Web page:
Tomalin raises some important points:
- Where does culture fit? What discipline does it belong to?
- Is there such a thing as a cultural curriculum or a cultural syllabus? When should we introduce the teaching of culture in ELT? Whose culture should we be teaching and what should we teach at what level?
- How do materials address the issue of culture and is it adequate?
- What are the best audio, text and visual aids for the teaching of culture?
- What kind of methodology is best suited to the teaching of cultures at different levels?
- What kinds of activities lend themselves to learning about and appreciating other cultures?
I think that culture goes hand in hand with learning a language as language itself is part of one's culture. For me, the underlying reason for learning a language is to better understand the culture. It's never quite right until you can communicate with the people in their own language. It may not be obvious but it is part of the curriculum. Teaching culture could be as simple as sharing the food, relevant movies, songs, books, magazines, idiomatic expressions, etc. Lots can be said looking at just magazines. The magazines here in Canada would not look the same as those in Japan. I don't teach ESL but in the FSL class, it's important to let the students try a crepe to see what kind of food French people eat. It may not be the same as what they eat but it would open up a conversation about the differences between the French culture and their own.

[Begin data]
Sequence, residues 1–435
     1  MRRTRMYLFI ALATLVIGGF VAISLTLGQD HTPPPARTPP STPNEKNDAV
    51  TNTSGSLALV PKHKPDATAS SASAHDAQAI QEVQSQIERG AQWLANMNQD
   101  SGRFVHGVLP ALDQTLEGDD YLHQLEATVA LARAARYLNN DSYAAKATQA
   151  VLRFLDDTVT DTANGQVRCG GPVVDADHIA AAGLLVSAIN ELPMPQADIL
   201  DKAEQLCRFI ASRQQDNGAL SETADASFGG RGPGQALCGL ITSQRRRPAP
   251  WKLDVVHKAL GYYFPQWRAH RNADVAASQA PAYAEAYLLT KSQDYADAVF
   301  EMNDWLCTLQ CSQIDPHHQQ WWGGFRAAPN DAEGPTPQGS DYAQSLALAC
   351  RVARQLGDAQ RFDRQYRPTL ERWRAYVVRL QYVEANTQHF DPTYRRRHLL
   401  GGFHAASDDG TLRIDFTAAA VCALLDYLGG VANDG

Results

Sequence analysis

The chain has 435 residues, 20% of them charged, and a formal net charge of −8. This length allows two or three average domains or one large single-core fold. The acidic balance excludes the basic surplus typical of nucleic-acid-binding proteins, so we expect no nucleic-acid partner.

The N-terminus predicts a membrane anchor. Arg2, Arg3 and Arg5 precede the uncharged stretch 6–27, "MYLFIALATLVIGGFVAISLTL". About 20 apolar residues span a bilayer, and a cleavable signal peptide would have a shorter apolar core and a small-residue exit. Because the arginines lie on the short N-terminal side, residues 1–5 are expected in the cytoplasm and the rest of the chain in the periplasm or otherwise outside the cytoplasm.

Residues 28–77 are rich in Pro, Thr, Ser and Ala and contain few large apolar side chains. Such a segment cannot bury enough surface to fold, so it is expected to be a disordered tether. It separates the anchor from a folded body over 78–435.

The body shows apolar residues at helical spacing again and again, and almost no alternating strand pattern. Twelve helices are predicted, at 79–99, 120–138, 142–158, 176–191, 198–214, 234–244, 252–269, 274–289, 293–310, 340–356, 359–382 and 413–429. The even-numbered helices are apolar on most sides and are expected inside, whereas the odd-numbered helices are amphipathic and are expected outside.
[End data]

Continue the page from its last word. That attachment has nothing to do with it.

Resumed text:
There's so much we can do with culture that ties in with learning the language itself that it would be a shame to separate the two. It's like having a body but no soul!